6 Do not worry about anything, but in everything by prayer and supplication with thanksgiving let your requests be made known to God.
7 And the peace of God, which surpasses all understanding, will guard your hearts and your minds in Christ Jesus.
-Philippians 4:6-7, NRSV
Secretariat. In times like these, it’s my go-to feel-good movie.
It’s not that I’m all that interested in equestrian sports. I can’t say I’ve ever watched a single Triple Crown race. And I really had no interest in seeing the movie when it first came out in theaters. It was never on my radar.
I only clicked on it because I needed a distraction. It was a hard day, a sad day. My heart was heavy, my brain was full, and I needed a distraction, a feel-good distraction. As I swiped through “feel-good movies” section of Amazon Prime Video, I landed on “Secretariat.”
It was just what I needed. It is a lovely story, of course… a story of a horse that was born to run… a story of owners and trainers who could see great potential where others saw none… a story of a daughter, contributing to her family’s legacy… a story of a horse and jockey who set records that, some fifty years later, have yet to be broken.
“Secretariat” was the movie I needed that day, when my heart was so heavy and my brain was too full. What I loved most about it: there was no suspense. None whatsoever. As I watched the “suspenseful” scenes at the end of the movie, the scenes from Secretariat’s epic run of the Belmont Stakes, I remembered: I already know how this ends. The horse wins. Of course the horse wins. That’s how a casual observer like me — not exactly the most ardent Thoroughbred racing fan — even knows this horse’s name. Besides, they don’t usually make movies about the horse who came in second.
I already know how this ends. And that realization didn’t ruin the movie for me at all… because on that day, when my heart was heavy and my brain was full, I didn’t want nail-biting suspense. I wanted heart-warming inspiration. I wanted to feel all the “feels” without feeling any of the suspense. I wanted to sit back and say, “I already know how this ends.”
That’s why, in times like these, I return again and again to “Secretariat.” It tends to that part of my soul that “wants to know how this ends.”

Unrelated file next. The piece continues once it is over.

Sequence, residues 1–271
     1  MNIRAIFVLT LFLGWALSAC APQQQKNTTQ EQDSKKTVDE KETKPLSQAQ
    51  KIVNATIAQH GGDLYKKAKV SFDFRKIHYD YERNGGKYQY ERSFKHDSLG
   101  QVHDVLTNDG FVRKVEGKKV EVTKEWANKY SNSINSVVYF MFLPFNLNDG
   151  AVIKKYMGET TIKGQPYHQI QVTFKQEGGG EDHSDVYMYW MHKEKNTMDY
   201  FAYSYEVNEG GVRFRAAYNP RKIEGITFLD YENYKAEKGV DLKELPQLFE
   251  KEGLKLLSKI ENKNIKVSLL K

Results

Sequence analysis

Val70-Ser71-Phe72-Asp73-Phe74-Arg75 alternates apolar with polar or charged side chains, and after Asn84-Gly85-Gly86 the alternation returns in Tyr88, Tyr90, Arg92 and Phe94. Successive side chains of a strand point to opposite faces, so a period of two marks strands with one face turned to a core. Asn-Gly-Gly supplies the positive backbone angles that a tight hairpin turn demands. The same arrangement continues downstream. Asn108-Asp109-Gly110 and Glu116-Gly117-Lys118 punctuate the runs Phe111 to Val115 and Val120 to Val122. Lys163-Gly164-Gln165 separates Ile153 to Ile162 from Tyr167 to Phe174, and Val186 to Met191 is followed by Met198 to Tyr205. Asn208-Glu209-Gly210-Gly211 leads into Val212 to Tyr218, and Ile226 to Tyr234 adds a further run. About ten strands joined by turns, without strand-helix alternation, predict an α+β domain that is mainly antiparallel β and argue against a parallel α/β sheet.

I want to know how this ends, this season of coronavirus. I want to know how it ends. I want to know when it ends. I want to set others at ease. I want to set myself at ease. I want to start planning and preparing, counting down, glimpsing the light at the end of the tunnel and the end in sight. More than anything, it’s the unknown timeline of this pandemic that sets my teeth on edge and causes me to pace.
And as I type those words, a praise song from my college days creeps into the edges of my cluttered mind:
Lord, I don’t know where all this is going
Or how it all works out
Lead me to peace that is past understanding
A peace beyond all doubt…
(Newsboys, “Lord (I Don’t Know)”)
In seasons like this one, that’s my most honest prayer. That song — that prayer set to music — gives voice to the part of me that wants to know “where all this is going,” “how it all works out.” It gives voice to the part of my spirit that just can’t muster up the words, the part of my spirit that resists trusting and hates being in the dark, the part of my spirit that needs “peace that is past understanding” the most.
If you’re like me, and you’re tired of the suspense, and you long to know “where all this is going” and “how it all works out,” I invite you to make this song your prayer. I invite you to make Philippians your prayer. As you do, may the peace of God, which surpasses all understanding, guard your hearts and minds in Christ Jesus.
Be at peace friends. Remember:
Our God is bigger than coronavirus.
Our vision is bigger than coronavirus, too.
We are people blessing people.
We are Wesley Church.
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